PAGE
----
#6199
      TracyTracy
      Participant

        The philodendron leaf was so large that on it’s trajectory towards Finnley it caught a bottle a Bhum on the edge of the desk, causing it to topple onto the floor.

        “Now look what you’ve done, you clumsy thing!” exclaimed Liz.  “That was a gift from Godfrey!”

        “Don’t worry, he’ll never know,” replied Finnley, picking up the pieces.  “And don’t shout at me, after my, you know…”

        Liz softened and said gently, “Well speaking of brushes, dear, you’d be better cleaning that up with a dustpan and brush, or you might cut yourself.”

        #6196
        TracyTracy
        Participant

          Ay, the framework knittin’ were ‘ard work, but it were our own, and better by a mile than what come next. We ‘ad the frame in our home and all the family helped, the girls’d be the seamers and the spool threaders and many a fine stocking we made in our cottages, until those industrialists and capitalists came to our fair dales with their factories and such and took our livelihoods from under our noses.

          We ‘ad a needle maker in our village, a miller and a baker, and a dressmaker. We ‘ad farms and a dairy and a butcher, and all the old families in our parish ‘ad their place. There’s always those that find work hard, and those that find it rewarding, but even them as found the framework knittin’ ‘ard soon changed their tune about the framework knittin’ being hard when they was doubled over under gods green earth all the day long in the coal mines.

          Ay, the changes wrought upon our fair parish wreaked an unholy disruption upon the face of village life.  It were the inclosures act what started our downfall, when our common land was took from us, that were indeed the beginning of the end of our fine community of largely honest souls, and even the good nature of the gent from the hall and the Parish poor fund couldn’t halt the downfall.

          Ay and I’ve traveled to the future and seen the ungoldy sight of it now. The old farm on the turnpike road surrounded now by house upon house and not an onion nor a carrot to be seen growing in their gardens, and the fronts all hardened floors for those contraptions they move around in, and empty all day long with not a sign of life until nightfall when they all come home and go inside and shut the doors, and never a one passing the time of day with their neighbours over the garden fence, and not a chicken or a cow in sight.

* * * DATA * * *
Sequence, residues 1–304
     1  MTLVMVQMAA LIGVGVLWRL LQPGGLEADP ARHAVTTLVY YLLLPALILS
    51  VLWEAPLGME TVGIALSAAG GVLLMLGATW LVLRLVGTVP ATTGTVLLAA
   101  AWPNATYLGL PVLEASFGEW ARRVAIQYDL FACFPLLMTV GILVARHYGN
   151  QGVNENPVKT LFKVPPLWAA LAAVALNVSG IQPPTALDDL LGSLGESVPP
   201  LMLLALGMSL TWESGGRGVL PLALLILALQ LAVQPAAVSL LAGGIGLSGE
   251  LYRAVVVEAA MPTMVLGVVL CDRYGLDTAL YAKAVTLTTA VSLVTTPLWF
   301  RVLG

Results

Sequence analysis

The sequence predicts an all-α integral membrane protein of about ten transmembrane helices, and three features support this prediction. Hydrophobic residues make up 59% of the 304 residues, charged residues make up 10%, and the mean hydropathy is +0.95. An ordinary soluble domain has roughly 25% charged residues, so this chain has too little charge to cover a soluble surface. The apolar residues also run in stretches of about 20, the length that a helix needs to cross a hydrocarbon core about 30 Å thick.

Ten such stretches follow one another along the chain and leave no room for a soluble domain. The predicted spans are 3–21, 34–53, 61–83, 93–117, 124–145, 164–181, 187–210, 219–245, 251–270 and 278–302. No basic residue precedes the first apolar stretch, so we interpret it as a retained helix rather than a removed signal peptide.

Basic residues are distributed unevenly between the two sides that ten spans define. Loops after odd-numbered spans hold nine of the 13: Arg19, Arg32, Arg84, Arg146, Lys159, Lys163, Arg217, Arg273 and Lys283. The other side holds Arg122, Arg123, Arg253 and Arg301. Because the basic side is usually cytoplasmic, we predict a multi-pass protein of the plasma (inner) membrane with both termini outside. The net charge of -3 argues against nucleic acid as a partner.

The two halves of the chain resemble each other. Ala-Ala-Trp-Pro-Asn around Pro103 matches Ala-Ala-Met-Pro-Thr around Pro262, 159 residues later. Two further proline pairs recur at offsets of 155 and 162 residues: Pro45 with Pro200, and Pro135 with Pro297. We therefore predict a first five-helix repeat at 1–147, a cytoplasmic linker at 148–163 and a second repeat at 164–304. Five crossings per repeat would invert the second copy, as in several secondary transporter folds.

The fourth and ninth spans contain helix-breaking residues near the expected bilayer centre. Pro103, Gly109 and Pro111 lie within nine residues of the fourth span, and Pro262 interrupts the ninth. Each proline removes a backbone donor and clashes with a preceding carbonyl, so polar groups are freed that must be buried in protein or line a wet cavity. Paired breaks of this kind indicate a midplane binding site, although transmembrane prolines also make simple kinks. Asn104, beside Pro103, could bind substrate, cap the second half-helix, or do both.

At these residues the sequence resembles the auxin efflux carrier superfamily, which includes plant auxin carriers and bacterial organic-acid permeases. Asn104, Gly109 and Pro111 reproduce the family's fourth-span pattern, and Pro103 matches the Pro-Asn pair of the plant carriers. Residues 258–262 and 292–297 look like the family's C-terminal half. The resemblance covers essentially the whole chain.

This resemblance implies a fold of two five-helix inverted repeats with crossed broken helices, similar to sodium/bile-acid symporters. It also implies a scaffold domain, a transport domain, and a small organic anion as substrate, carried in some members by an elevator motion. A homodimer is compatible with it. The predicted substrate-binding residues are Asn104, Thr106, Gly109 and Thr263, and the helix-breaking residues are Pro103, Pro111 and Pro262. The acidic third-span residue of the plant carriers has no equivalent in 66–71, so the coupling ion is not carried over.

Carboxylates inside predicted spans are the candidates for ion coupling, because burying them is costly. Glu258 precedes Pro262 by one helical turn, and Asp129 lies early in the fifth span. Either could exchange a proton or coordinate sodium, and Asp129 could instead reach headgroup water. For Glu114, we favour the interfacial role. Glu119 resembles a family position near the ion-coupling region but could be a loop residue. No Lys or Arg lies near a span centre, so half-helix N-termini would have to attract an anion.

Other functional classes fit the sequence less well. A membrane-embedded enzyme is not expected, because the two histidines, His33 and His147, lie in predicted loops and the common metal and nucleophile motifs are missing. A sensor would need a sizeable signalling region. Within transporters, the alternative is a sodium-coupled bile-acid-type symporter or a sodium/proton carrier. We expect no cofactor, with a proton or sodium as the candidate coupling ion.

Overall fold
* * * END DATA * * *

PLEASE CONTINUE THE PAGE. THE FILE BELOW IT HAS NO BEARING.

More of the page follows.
There’s no needlemaker now, and the mill’s been knocked down, and there are painted lines on all the hard roads, although I will say that ugly as they are they don’t get near so rutted and muddy when the weather’s bad.

          I can’t stay long when I visit the future with that woman who comes to call upon us asking questions. I can’t stay long at all.

          #6178
          TracyTracy
          Participant

            Nora woke to the sun streaming  in the little dormer window in the attic bedroom. She stretched under the feather quilt and her feet encountered the cool air, an intoxicating contrast to the snug warmth of the bed. She couldn’t remember the last time she’d slept so well and was reluctant to awaken fully and confront the day. She felt peaceful and rested, and oddly, at home.

            Unfortunately that thought roused her to sit and frown, and look around the room.  The dust was dancing in the sunbeams and rivulets of condensation trickled down the window panes.   A small statue of an owl was silhouetted on the sill, and a pitcher of dried herbs or flowers, strands of spider webs sparkled like silver thread between the desiccated buds.

            An old whicker chair in the corner was piled with folded blankets and bed linens, and the bookshelf behind it  ~ Nora threw back the covers and padded over to the books. Why were they all facing the wall?   The spines were at the back, with just the pages showing. Intrigued, Nora extracted a book to see what it was, just as a gentle knock sounded on the door.

            Yes? she said, turning, placing the book on top of the pile of bedclothes on the chair, her thoughts now on the events of the previous night.

            “I expect you’re ready for some coffee!” Will called brightly. Nora opened the door, smiling. What a nice man he was, making her so welcome, and such a pleasant evening they’d spent, drinking sweet home made wine and sharing stories.  It had been late, very late, when he’d shown her to her room.  Nora has been tempted to invite him in with her (very tempted if the truth be known) and wasn’t quite sure why she hadn’t.

            “I slept so well!” she said, thanking him as he handed her the mug.  “It looks like a lovely day today,” she added brightly, and then frowned a little. She didn’t really want to leave.  She was supposed to continue her journey, of course she knew that.  But she really wanted to stay a little bit longer.

            “I’ve got a surprise planned for lunch,” he said, “and something I’d like to show you this morning.  No rush!”  he added with a twinkly smile.

            Nora beamed at him and promptly ditched any thoughts of continuing her trip today.

            “No rush” she repeated softly.

            #6169
            EricEric
            Keymaster

              There was a screeching sound in the warehouse.

              “Purple & Glitter Alert, Purple & Glitter Alert!” the junior drag-queen in training howled to wake up the troops. “Briefing in Linda Pol’s office, now!”

              Linda Pol was busy e-zapping motes and dust bunnies when the last one of them entered and closed the room silently.

              She pushed her fancy glasses up her nose and pointed at the screen. “Girdle your loins, ladies! There’s been a potential breach in the timelines at this particular junction point, the Universe may be in grave danger. We need volunteers to go and investigate.”